The offices of the Washington Education Association must be where shame goes to die. The AP reported yesterday that the WEA has gone to court to prevent the state of Washington from repealing its “gain-sharing” plan. The plan allows the state’s unionized public employees to receive extra pension money when their pension funds performs extraordinarily well — instead of having that money go back into the funds to make it more stable.
Unsurprisingly, “gain-sharing” was passed in the heady days of the late 90’s, when lawmakers and unions apparently couldn’t foresee that the economy might one day stop booming. In fact, the state employees union attempted to block any legislative attempt to increase pension solvency — Washington Federation of State Employees lobbyist Bev Hermanson told The Columbian just before “gain-sharing” passed in 1998 that “her union takes issue with some aspects of the bill, especially the provision that half the extraordinary gains be used to pay off the unfunded liability early.” (“Bills would share gains from state pension funds,” 2/4/1998)
Unsurprisingly, even with unions only getting half their loaf of “gain-sharing,” Washington’s public employee pension funds are in a world of trouble. The AP reported on Saturday that the unfunded liability in two fund plans now totals $5.7 billion, including $900 million to be paid out as “gain-sharing”.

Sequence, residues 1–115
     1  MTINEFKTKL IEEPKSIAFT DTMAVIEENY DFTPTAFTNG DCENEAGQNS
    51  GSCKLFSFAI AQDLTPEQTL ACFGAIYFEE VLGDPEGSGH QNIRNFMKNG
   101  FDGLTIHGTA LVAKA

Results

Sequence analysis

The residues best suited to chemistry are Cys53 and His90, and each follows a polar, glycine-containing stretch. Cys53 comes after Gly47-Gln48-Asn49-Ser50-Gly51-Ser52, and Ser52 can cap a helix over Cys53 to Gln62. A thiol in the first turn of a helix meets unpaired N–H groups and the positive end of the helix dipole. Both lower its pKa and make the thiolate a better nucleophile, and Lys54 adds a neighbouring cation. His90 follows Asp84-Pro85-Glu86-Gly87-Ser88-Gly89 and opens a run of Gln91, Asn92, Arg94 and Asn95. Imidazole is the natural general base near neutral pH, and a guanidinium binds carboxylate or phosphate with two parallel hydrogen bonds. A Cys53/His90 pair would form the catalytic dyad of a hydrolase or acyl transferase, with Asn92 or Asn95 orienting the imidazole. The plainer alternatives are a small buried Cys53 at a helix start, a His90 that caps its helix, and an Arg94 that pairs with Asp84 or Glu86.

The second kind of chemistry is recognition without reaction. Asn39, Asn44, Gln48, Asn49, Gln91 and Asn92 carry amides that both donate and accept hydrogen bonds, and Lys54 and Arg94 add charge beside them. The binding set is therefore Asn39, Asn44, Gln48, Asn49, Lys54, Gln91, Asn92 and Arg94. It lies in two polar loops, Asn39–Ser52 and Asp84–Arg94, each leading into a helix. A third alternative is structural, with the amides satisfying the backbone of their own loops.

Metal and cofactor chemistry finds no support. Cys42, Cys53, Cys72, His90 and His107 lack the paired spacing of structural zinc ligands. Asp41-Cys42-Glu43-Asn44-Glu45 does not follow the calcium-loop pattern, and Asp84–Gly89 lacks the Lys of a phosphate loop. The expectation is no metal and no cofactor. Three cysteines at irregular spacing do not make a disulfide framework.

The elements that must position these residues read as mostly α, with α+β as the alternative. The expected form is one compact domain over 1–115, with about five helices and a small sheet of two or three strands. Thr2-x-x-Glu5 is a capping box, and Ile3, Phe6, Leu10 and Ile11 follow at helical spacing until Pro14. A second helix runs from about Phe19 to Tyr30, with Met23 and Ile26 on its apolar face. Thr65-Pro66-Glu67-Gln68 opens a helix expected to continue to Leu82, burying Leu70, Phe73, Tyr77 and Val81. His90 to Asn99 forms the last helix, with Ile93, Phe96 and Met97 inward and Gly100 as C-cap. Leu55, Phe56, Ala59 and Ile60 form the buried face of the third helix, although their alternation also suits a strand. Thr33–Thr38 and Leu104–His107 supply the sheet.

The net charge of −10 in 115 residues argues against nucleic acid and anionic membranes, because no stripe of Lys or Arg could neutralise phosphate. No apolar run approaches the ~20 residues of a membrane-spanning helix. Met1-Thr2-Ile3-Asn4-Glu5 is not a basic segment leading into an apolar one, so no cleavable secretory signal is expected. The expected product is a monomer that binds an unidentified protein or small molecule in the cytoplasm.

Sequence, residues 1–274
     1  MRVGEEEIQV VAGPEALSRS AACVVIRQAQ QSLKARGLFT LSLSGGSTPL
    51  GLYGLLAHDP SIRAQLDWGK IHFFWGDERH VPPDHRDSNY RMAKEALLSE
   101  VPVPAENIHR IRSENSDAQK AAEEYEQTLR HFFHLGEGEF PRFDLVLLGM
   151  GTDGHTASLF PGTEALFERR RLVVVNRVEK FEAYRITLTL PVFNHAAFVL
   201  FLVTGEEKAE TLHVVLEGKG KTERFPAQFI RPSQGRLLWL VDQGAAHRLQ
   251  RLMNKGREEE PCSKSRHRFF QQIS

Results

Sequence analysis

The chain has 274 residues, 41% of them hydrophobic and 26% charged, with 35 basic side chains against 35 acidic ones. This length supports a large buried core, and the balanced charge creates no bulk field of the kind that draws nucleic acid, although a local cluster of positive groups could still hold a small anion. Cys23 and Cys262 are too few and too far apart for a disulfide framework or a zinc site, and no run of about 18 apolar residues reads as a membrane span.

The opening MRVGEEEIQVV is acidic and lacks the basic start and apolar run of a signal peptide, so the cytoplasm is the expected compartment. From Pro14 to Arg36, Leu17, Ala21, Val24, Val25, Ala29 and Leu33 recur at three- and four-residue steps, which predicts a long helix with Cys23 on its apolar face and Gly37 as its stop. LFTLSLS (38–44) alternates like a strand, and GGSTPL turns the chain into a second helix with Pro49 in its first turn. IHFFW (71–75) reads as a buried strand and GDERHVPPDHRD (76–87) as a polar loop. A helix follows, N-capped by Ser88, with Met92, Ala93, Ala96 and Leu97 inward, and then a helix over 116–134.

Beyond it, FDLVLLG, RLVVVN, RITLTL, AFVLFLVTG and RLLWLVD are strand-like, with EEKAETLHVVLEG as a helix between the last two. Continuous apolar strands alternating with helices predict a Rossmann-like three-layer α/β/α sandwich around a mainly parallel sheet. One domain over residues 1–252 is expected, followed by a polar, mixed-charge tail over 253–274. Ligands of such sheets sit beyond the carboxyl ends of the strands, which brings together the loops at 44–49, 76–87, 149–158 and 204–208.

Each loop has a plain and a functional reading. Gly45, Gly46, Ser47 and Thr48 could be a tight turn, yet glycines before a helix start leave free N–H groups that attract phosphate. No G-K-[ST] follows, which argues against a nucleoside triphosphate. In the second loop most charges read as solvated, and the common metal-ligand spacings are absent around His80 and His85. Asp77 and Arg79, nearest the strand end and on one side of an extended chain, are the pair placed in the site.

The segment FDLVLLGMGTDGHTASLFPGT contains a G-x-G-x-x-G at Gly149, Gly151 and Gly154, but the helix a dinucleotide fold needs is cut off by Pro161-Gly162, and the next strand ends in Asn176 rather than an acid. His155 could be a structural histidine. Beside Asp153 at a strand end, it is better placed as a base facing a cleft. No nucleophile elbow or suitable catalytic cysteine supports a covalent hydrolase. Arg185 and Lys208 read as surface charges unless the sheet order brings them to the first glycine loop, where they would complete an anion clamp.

In order to make this fiscal medicine ($6.7 billion) go down, the legislature had to add “lots of sugar” in other benefits ($4.4 billion). To make the switch final, lawmakers included a “poison pill” that automatically repeals the new benefits if the old ones don’t get repealed.
But the WEA is determined to have its cake and eat it, too. Not only does its lawsuit ask the judiciary to block the repeal of “gain-sharing”, it also demands that the “poison pill” be blocked and the new benefits be kept as well. Instead of reforming the state’s overtaxed pension funds, the union is attempting to add new entitlements.
Should the judge comply — remember, this is in Washington, a state whose Supreme Court found that the First Amendment rights of labor unions trump the rights of individuals who don’t want to pay for union political activities — the union will have transformed a $2.3 billion savings into a $4.4 billion invoice for taxpayers.